The idea that Hyatt will have to reduce their top-tier benefits is predicated on the belief that their Globalist ranks will swell out of control and that those new Globalists will use those benefits a lot.  In the above section I argued against both of those possibilities.  I bet that even if the number of Globalist members grows out of control (which is unlikely in my opinion), most of those new elites will use the benefits sparsely.  Without business travel, there just aren’t that many people who spend lots of time in hotels.

Even if I’m wrong about the number of elites and the amount of usage of the benefits, I don’t believe that Hyatt will cut those benefits in any way.  Those elite benefits are the reason many people prefer to stay with Hyatt.  During a travel recession, it makes more sense than ever for hotels to do what they can to encourage customers to come and to return.  They’d be shooting themselves in the foot if they were to reduce those benefits now.

More perk competition?

A reasonable fear is that an influx of Globalist members will mean that there will be more competition for the same perks.  Here’s a summary of Globalist perks:

  • 30% point bonus
  • Waived resort fees on all stays
  • Room upgrade at check-in, including suites
  • 4PM late check-out (subject to availability at hotels with a casino, Destination Residences, and Hyatt resorts)
  • Club access or free breakfast
  • Free parking on award stays
  • Guest of Honor bookings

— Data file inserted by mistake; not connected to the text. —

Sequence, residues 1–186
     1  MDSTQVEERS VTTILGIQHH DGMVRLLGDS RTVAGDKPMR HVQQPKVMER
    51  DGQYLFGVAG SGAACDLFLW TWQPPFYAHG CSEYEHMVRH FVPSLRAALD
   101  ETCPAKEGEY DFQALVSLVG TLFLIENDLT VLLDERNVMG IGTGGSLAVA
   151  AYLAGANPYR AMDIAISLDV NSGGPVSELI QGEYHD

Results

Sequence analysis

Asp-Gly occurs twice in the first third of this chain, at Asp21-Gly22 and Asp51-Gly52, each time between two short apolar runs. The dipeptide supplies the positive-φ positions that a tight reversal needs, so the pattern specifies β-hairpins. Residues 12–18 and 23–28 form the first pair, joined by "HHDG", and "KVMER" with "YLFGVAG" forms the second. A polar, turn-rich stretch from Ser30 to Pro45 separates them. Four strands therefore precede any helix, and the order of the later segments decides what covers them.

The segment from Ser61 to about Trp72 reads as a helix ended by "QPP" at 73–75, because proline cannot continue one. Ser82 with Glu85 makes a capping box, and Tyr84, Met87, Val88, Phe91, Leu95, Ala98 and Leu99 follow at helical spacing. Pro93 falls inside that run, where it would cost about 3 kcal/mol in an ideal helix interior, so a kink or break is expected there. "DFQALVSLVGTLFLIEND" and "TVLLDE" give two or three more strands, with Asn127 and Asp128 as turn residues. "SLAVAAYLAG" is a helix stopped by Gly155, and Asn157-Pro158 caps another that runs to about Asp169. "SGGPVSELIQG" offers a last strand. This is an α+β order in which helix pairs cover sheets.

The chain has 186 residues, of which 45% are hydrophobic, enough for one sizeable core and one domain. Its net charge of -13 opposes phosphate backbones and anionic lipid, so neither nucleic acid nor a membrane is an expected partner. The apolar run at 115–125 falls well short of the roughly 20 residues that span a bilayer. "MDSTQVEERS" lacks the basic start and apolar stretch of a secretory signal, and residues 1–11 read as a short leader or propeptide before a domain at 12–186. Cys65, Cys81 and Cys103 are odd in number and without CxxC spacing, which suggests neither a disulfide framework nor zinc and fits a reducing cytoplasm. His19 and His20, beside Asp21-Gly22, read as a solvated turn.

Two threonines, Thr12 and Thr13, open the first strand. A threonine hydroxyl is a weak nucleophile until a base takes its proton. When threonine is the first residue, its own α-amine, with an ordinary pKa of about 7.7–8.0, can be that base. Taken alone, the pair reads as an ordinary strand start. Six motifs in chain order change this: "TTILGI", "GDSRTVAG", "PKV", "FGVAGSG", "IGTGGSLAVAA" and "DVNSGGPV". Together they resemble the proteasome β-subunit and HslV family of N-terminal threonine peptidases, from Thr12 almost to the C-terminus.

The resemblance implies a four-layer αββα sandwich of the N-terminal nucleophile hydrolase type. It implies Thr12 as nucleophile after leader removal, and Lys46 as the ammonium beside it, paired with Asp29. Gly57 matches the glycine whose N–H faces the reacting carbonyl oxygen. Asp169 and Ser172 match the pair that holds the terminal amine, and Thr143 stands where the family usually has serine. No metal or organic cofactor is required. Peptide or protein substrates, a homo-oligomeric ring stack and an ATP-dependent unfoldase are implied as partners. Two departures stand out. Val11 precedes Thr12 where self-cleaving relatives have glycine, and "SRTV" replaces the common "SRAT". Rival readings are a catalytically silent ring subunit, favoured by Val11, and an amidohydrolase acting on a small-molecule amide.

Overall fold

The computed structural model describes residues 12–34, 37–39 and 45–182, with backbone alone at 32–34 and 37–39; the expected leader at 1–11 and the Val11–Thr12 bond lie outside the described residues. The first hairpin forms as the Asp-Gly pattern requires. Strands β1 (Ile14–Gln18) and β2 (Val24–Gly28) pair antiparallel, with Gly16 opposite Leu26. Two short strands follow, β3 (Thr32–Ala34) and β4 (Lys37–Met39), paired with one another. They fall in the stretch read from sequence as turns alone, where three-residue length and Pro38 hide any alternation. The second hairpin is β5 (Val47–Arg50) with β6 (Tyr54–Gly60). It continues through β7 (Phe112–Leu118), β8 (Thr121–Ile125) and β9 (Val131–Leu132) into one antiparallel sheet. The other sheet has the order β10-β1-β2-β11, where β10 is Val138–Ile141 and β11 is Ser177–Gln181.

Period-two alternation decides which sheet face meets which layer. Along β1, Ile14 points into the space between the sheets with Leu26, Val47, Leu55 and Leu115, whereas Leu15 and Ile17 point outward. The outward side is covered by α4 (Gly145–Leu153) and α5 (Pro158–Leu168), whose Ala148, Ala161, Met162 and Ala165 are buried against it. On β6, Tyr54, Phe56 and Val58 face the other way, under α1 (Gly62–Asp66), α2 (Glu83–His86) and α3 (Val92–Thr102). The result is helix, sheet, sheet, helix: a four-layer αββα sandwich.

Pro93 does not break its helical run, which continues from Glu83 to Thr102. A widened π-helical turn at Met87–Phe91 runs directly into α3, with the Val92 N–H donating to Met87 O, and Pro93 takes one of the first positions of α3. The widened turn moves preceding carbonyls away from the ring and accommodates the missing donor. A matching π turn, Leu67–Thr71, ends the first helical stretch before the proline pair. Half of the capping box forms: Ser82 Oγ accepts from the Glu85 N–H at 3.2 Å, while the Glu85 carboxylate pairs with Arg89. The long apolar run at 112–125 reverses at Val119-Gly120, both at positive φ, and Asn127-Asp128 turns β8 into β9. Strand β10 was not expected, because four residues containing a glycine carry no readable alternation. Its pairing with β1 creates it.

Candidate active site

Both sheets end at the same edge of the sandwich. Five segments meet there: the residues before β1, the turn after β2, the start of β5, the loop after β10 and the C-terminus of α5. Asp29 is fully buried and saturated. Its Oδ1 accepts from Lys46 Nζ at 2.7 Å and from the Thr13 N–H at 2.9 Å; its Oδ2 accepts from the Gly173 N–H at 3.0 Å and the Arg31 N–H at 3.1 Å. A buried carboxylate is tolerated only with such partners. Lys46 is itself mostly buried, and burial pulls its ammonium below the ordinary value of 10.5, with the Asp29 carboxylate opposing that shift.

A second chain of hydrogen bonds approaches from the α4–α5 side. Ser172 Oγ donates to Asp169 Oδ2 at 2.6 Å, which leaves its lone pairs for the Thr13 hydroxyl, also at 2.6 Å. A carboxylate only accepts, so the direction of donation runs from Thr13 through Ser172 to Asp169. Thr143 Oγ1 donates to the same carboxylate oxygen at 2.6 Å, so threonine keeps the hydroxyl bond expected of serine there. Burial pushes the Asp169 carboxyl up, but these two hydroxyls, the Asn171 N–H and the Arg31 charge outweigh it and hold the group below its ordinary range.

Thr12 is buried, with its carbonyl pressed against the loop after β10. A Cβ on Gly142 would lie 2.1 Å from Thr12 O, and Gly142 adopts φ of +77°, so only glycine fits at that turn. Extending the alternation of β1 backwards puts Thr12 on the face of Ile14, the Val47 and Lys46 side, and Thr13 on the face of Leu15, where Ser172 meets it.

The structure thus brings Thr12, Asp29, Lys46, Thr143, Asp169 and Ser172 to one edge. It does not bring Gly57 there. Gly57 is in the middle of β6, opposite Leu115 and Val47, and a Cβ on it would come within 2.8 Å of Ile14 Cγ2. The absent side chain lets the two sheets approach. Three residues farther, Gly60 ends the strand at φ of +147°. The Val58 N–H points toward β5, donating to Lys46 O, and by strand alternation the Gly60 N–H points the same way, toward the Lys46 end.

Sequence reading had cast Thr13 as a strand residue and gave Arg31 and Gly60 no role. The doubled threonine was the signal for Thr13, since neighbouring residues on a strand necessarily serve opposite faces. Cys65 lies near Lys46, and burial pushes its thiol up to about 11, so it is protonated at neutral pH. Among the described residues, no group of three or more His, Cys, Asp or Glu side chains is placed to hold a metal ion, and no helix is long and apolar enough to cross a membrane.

• Book awards w/ insufficient points
  • Free Exhale classes during paid stays

The only perks that are likely to be affected by having more Globalist members are as follows:

  • Room upgrade at check-in, including suites: Competition could make it much harder to score a great upgrade at check-in.
  • 4PM late check-out (subject to availability at hotels with a casino, Destination Residences, and Hyatt resorts): This perk tends to be most valuable at resorts. If there’s more competition for late check-out at these “subject to availability” properties, there will likely be fewer granted requests.
  • Club access: Sometimes hotel club lounges can be overcrowded.  An influx of Globalist members can certainly make that worse.

All of these are legitimate concerns. My bet is that they will be most problematic at Hyatt hotels that are raved about in points & miles blogs.  Off the top of my head, I think this means more competition in the near term at Ventana Big Sur and Alila Marea Beach Resort Encinitas (opening soon), and once Hawaii more fully opens up at Grand Hyatt Kauai and the Andaz Maui.

In my opinion, the biggest problem will be for those who fail to get a nice upgrade at check-in.  Fortunately, Milestone Rewards provide an answer to that…

Milestone Rewards

In addition to elite status levels, Hyatt provides rewards to those who achieve various numbers of elite nights each year: